A second look at glaucoma surgery
Queen’s researcher says use of anti-inflammatory medicines after common eye surgery isn’t necessary
New research led by Queen’s University professor Robert Campbell (Ophthalmology) has revealed using anti-inflammatory medications after glaucoma laser surgery is not helpful or necessary.
Glaucoma is the most common cause of irreversible blindness in the world and about 400,000 Canadians are afflicted with the disease, which is mainly caused by pressure within the eye being high enough to damage the optic nerve. The optic nerve is responsible for sending messages from the eye to the brain and is a vital part of vision.
“The use of strong anti-inflammatory therapies after glaucoma laser surgery became standard practice years ago, in an era when the type of laser we used was much more destructive. Today’s laser systems are much gentler, and we felt that the use of anti-inflammatory steroids may not be necessary. In fact, we thought that a small amount of inflammation might actually be helpful in causing greater pressure-lowering effects from the laser treatment,” says Dr. Campbell, who also works at Hotel Dieu Hospital.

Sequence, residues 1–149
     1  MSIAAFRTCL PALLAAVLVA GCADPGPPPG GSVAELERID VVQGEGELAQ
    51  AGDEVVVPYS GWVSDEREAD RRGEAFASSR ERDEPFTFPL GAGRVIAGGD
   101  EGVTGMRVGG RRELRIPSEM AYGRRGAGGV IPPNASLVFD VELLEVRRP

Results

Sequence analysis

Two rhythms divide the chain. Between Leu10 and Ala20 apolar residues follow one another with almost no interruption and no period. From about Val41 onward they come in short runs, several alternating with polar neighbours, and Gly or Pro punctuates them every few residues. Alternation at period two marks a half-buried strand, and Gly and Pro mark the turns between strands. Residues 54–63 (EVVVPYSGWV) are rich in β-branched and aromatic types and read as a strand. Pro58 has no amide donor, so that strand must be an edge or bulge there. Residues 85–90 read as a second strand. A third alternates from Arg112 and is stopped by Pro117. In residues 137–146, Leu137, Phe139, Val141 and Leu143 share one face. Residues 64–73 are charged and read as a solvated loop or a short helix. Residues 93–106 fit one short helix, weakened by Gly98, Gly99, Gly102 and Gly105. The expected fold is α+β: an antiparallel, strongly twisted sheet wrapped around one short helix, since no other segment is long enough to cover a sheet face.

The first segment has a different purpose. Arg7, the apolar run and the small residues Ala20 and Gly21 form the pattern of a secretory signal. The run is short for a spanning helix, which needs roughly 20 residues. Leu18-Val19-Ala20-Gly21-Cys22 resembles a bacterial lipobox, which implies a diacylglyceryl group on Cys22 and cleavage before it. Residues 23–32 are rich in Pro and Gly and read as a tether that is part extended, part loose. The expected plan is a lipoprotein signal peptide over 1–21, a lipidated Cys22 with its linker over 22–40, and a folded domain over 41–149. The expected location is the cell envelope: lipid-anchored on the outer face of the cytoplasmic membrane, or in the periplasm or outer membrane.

Dr. Campbell and his research team carried out the first placebo controlled randomized clinical trial focusing on the effects of post-laser medications. They found that steroids and nonsteroidal anti-inflammatory drugs do not affect the ability of the laser treatment to lower eye pressure and do not influence complication rates.
“These findings have the potential to change patient care after glaucoma laser surgery and could save the Canadian healthcare systems millions of dollars by decreasing the use of drugs following this very common procedure,” says Dr. Campbell.
The research results were published in Ophthalmology.
By Anne Craig, Communications Officer